Welcome to this website honoring the life and works of . . .

Robert Penn Warren

1905 - 1989

1905 - 1989

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An Annual of Robert Penn Warren Studies

Volume II


Published for

The Center For Robert Penn Warren Studies

Western Kentucky University

1 Big Red Way

Bowling Green, Kentucky  42101-3576

For information concerning submissions and other important information about this publication click here.



Volume II▬2002


Aaron Frankel, "Working in the Theater with Robert Penn Warren."

A major figure in the making of the contemporary American theater reminisces about his collaborations with Robert Penn Warren, documenting their relationship with previously unpublished correspondence and suggesting that Warren, had he written more for the stage, might well have had a shaping influence on the evolution of modern drama.

Noel Polk, "The Text of the 'Restored' Edition of All the King's Men."

All the King's Men appeared in 1946 in a text that had been changed in hundreds of ways by Harcourt Editors; cumulatively these editorial interventions changed the novel in serious ways, mostly in changing the character of the narrator, Jack Burden, and his relationship to the events he narrates. The 'restored' edition, published in 2001, indeed restores Warren's original text wherever it was possible, and so made available a text much closer to what Warren had written initially. This essay offers a general explanation of the differences between the two versions of All the King's Men, a detailed listing of some of the more important differences, and a brief explanation of why I chose one reading over another.

Bill McCarron and Paul Knoke, "From Gent to Gentil: Jed Tewksbury and the Function of Literary Allusion in A Place to Come To."

A Latin aficionado, medieval scholar, and college professor, protagonist Tewksbury struggles emotionally to sort through his often sordid past. In the process, his allusions to a French chante fable, Virgil's Aeneid, and Dante's Divine Comedy illuminate both his sinning and his awakening to the power of redemptive love.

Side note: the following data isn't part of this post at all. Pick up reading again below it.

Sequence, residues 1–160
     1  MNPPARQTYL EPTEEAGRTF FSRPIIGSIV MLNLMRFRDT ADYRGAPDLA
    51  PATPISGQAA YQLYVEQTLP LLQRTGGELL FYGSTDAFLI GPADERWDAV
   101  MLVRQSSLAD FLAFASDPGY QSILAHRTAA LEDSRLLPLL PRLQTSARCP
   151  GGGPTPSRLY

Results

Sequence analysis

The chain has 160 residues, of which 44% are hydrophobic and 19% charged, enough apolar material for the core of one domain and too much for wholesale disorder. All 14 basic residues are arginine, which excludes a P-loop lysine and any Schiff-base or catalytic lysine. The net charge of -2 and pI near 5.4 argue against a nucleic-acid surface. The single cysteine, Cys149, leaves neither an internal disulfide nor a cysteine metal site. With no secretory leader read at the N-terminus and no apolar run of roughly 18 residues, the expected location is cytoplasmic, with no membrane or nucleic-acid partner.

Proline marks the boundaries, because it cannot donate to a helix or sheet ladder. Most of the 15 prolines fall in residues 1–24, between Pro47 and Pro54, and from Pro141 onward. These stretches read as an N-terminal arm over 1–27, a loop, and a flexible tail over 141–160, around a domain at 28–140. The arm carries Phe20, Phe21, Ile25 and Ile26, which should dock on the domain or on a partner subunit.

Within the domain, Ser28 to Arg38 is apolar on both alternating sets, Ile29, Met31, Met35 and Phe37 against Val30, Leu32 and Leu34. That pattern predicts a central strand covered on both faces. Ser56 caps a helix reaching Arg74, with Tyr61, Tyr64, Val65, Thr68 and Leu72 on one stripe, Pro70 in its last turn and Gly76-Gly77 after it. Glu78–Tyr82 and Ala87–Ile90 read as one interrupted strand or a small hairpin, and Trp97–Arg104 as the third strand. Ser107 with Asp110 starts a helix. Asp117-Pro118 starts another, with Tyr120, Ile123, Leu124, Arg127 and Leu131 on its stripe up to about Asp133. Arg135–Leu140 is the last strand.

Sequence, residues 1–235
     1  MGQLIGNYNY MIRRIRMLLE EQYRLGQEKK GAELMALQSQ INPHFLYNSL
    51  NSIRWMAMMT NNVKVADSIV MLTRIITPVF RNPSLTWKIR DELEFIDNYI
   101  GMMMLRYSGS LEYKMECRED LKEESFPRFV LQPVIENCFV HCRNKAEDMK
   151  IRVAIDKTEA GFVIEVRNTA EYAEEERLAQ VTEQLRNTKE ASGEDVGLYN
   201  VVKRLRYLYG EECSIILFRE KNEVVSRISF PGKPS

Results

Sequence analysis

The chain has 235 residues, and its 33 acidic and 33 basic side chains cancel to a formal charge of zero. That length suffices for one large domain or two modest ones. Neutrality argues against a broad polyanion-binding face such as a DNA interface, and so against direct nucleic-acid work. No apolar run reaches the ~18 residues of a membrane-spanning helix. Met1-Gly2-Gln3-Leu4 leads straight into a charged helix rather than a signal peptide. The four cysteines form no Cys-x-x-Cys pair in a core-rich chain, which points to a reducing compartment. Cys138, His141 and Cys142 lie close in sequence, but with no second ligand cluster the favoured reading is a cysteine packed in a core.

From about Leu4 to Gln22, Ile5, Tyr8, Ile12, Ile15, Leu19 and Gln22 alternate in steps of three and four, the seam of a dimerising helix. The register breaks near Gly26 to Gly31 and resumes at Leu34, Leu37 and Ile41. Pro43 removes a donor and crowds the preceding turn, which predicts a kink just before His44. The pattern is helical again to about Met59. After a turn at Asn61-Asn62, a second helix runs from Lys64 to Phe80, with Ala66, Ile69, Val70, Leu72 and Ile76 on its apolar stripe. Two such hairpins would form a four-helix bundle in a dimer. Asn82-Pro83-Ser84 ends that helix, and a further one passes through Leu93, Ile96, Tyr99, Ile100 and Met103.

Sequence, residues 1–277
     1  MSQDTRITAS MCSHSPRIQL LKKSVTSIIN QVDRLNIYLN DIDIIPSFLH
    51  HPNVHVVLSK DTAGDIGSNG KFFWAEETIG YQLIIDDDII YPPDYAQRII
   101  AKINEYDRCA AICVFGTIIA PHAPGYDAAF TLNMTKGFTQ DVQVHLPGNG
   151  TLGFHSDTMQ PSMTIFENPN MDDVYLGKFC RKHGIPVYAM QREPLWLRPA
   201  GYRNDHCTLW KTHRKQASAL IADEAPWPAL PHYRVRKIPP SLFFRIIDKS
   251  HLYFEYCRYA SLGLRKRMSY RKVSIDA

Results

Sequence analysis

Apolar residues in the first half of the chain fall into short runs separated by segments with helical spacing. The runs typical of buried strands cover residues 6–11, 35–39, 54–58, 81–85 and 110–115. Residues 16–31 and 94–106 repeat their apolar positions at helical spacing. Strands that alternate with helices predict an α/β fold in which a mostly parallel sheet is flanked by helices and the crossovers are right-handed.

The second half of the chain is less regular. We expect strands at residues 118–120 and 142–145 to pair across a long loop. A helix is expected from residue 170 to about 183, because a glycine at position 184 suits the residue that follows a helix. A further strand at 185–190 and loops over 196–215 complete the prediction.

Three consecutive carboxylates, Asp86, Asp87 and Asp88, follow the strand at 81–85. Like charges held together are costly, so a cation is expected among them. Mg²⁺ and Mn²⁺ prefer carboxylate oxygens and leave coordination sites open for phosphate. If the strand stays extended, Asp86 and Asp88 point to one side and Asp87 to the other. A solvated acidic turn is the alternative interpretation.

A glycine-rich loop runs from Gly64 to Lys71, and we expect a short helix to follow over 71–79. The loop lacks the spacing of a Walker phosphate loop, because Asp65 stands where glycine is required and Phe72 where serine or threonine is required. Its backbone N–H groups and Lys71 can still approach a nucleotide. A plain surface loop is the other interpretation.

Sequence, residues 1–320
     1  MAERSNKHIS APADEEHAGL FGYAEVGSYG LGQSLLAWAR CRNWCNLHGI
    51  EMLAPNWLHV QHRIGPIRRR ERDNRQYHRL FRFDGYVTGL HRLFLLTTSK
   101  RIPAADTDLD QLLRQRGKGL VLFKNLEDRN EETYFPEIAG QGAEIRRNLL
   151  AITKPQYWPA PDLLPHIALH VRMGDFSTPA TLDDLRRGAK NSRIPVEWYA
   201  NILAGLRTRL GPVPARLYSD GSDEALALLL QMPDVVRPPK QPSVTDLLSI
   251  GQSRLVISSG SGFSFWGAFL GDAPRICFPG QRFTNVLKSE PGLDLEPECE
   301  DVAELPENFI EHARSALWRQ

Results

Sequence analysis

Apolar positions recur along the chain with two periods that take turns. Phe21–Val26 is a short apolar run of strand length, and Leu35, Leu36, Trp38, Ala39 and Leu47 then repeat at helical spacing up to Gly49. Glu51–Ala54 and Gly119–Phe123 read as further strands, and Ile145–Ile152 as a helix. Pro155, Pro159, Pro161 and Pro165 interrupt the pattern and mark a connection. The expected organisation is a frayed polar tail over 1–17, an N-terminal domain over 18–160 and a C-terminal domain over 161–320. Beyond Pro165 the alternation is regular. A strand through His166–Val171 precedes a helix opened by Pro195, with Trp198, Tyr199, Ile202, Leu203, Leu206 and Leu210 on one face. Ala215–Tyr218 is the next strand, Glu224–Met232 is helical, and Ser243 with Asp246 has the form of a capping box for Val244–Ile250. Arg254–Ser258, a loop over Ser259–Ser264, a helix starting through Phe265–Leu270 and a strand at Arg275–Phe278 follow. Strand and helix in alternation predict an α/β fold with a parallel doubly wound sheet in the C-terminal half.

Aimee Berger, "Le Silence du Bonheur and the House of Forgiveness: Space and Silence in Flood."

Katrin Meise reformulates Wittgensteins famous dictum--"What we cannot speak about, we must pass over in silence--in a way that is particularly germane to a reading of Warren's novel, Flood: "What we pass over in silence, we must speak about." Warren establishes a complex aesthetic that incorporates silence into the circuit of discourse, forcing characters to confront the limitations of language, even as they realize the redemptive power of telling a "true" story.

Steven D. Ealy, "'Ex Exciting Spiral': Robert Penn Warren on Race and Community."

Warrens contribution to I'll Take My Stand, "The Briar Patch," has been the subject of controversy from its beginning when Donald Davidson tried to exclude it from the collection on the grounds that it was too progressive. Later in life, Warren distanced himself from it by characterizing it as a defense of segregation. However, a closer reading of "The Briar Patch" reveals that Warren set such a high standard for "separate but equal" that he ultimately undermines that doctrine and prepares the way for his re-examination in Segregation and Who Speaks for the Negro?

C. Jason Smith, "Philosophers, Fools, and Kings: Notes on The Brothers Karamazov and All the King's Men."

A comparative analysis of Fyodor Dostoyevsky's The Brother's Karamazov (1879-80) and Robert Penn Warren's All the King's Men (1946) based on the archetypal characters found in the work of both authors. The Philosophers,  whose world-view is based in post-enlightenment reason, operate in a dialectical relationship with the Fools who interact with the world through faith. Culturally, the resolution of the dialectic between reason and faith yields the synthesis of the King who embodies reason and faith, the temporal and the eternal, in his position of god-given  power. However, both Dostoyevsky and Warren actively reject the social imperative towards Kingship as a dangerous, immoral myth and offer instead an alternate synthesis grounded in mutual responsibility and brotherly love.

Polly Detels, "From Fox to Hedgehog: Robert Penn Warren's All the King's Men as a Gloss on Leo Tolstoy's View of History."

This essay explores Warren's All the King's Men as a figurative gloss on the discussion of human freedom and responsibility appearing in Leo Tolstoy's second epilogue to War and Peace. Isaiah Berlin's 1953 work on Tolstoy, The Fox and the Hedgehog, provides a theoretical framework for this analysis.

John K. Crane, "'Tough Talk in the Big Easy': Warren's Use of History and Styron's The Confessions of Nat Turner."

On a 1968 panel, Robert Penn Warren, Ralph Ellison, and William Styron discussed the use of historical fact in fiction. The audience vociferously held Warren's use in All the King's Men more valid than Styron's in The Confessions of Nat Turner. Two analogies with recent films seem to support that contention.

John Burt, "The Associative Style in Warren and Ashbery."

Robert Penn Warren and John Ashbery write out of different backgrounds and quite often appeal to different audiences, but each is a master of the "associative style." A comparative look at both poets is highly instructive and serves to deepen our appreciation of their art.

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